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Cost, information, technology driving health-care change

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Escalating costs, new information and technology are driving change in the U.S. health care system, a noted medical leader told a Richmond conference crowd on Thursday.

Dr. Paul Grundy , global director of health-care transformation at IBM, said at the Virginia Health Care Conference that health care spending, which now represents 18 percent of gross domestic product, is simply “unsustainable.”

“We have lost our way,” Grundy told an audience of about 750 people at the Greater Richmond Convention Center. He noted that, while the U.S. still delivers “some of the best episodes of care” in times of crisis, the nation overall doesn’t perform well in managing the health of patients to prevent crises.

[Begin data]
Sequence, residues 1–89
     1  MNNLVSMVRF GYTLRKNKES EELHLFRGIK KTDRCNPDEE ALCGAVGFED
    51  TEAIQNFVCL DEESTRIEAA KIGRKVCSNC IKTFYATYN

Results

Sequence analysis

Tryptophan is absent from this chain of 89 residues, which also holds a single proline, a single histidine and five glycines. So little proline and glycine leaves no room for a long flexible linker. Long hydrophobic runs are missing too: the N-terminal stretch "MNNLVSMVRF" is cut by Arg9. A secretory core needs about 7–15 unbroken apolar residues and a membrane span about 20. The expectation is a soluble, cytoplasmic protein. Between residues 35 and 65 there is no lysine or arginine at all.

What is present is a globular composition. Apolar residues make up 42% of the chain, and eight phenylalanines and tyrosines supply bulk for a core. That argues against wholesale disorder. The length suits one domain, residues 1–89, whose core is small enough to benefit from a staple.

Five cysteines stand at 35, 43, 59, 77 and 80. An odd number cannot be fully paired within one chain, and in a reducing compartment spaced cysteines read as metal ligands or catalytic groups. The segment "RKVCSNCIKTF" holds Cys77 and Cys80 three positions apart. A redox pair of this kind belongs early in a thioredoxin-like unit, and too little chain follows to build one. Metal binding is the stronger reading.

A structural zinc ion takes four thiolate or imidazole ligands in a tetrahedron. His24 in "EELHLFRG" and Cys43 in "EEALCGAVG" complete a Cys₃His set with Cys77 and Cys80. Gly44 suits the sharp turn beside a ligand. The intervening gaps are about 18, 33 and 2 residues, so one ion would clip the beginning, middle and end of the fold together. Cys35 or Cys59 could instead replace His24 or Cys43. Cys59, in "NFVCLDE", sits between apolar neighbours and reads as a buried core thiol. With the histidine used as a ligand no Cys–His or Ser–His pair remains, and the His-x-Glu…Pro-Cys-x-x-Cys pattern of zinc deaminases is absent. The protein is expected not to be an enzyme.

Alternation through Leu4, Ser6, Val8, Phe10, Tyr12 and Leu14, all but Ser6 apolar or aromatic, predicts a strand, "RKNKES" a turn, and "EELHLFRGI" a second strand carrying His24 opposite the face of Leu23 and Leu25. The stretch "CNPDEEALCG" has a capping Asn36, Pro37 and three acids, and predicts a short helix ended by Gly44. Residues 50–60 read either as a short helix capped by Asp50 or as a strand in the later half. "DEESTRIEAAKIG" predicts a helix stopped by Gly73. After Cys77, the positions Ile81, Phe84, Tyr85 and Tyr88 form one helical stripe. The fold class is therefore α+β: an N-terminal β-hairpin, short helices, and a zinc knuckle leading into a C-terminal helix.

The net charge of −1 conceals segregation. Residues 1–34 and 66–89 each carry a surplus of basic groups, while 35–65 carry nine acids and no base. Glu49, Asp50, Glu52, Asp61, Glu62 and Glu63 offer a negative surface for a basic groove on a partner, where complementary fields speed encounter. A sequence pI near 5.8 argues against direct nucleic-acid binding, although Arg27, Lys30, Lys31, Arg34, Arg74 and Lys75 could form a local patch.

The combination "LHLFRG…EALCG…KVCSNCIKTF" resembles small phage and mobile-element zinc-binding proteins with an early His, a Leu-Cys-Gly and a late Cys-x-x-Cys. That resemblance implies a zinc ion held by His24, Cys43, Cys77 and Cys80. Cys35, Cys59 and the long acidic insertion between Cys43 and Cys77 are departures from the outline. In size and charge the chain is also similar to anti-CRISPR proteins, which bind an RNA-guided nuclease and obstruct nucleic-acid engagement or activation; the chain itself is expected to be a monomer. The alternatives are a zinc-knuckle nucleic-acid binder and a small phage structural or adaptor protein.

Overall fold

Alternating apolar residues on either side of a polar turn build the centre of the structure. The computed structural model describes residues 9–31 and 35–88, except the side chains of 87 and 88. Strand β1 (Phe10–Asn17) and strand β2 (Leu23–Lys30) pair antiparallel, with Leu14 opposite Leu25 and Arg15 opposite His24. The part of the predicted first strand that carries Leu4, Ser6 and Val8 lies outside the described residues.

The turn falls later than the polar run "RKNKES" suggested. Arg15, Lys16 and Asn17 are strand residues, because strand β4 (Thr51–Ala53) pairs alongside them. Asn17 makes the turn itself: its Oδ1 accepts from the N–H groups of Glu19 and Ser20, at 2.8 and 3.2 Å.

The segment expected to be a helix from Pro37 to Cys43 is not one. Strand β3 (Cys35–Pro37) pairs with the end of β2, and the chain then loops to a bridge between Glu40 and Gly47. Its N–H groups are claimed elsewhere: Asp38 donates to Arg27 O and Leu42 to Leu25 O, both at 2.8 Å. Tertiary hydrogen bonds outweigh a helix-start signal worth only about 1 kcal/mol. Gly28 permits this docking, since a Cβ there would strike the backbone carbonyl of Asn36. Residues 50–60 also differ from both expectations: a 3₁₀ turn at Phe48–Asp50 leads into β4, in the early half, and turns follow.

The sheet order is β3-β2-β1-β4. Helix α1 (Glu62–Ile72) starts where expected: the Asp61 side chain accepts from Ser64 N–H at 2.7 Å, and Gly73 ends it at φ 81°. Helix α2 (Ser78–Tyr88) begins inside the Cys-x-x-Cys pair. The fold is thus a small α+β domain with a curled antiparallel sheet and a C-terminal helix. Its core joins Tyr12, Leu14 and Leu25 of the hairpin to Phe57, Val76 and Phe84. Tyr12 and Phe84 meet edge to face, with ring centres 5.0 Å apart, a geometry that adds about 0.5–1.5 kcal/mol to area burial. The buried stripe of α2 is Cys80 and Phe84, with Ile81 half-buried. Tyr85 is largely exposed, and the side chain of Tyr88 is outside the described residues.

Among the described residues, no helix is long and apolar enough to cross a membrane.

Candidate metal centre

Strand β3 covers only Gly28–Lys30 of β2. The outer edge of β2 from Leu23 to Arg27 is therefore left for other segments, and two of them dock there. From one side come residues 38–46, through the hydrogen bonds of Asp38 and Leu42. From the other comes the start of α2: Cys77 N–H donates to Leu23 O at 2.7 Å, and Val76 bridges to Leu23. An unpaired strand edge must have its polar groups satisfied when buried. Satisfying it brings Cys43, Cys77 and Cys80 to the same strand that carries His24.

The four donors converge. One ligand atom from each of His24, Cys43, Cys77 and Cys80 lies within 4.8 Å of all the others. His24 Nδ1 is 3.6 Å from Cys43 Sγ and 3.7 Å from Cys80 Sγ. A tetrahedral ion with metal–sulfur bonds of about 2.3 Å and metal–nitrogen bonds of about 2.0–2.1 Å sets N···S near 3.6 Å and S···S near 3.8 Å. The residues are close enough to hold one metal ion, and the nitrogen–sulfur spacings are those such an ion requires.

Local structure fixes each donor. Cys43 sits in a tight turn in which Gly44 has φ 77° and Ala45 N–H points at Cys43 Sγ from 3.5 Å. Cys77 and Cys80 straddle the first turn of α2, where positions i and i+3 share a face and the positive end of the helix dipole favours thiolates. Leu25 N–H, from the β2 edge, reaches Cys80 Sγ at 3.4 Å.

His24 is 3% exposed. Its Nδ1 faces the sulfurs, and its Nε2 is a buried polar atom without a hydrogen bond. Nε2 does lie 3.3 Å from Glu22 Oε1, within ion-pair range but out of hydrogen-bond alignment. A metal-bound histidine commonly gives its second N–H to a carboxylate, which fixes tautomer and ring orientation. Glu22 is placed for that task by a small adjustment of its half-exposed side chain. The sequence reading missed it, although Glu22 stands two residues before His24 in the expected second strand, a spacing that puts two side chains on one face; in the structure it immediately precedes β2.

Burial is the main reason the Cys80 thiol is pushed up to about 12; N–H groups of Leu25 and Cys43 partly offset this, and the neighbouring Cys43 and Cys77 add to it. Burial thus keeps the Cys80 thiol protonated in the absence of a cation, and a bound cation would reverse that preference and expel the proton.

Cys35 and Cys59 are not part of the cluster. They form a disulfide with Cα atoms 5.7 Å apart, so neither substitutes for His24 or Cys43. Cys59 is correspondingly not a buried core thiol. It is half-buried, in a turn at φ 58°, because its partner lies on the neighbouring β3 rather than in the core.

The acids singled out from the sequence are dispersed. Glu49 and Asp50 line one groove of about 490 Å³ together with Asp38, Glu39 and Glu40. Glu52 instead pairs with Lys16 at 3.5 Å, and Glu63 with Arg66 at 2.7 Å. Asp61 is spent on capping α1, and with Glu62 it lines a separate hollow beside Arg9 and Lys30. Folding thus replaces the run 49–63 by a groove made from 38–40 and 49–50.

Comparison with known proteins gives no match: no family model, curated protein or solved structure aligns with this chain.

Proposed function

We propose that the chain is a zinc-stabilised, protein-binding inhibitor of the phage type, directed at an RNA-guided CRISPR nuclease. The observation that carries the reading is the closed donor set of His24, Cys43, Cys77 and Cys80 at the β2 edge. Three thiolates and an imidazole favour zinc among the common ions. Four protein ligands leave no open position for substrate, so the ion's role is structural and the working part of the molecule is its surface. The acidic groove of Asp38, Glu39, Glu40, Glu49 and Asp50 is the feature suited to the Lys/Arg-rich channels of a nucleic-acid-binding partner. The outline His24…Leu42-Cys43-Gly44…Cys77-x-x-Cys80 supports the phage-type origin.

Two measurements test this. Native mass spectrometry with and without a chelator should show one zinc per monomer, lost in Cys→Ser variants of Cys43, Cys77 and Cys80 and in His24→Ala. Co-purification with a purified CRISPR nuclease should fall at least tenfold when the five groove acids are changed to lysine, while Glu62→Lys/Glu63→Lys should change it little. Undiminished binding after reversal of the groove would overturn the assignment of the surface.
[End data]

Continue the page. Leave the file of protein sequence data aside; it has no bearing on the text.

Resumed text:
Grundy is a major proponent of a medical concept called the “patient-centered medical home,” which is gaining acceptance throughout the country. The concept is a coordinated, team-based approach that emphasizes preventive measures and follow-up.

In addition to rising costs, other trends driving change in health care are an abundance of new data that can be used to measure the performance of health-care providers and rapidly changing technology that will enable more interaction between patients and physicians.

For these changes to fully take effect, Grundy said, employers need to redesign benefits to give employees incentives to adopt healthy habits.

In addition, the health-care payment system needs to be transformed from fee for service to fee for outcomes. “When we pay fee for service, we get too many services,” he said, noting that the practice results in waste and needless expense.

Finally, he said, doctors will need new tools and technology to manage the health of patients.


         

 


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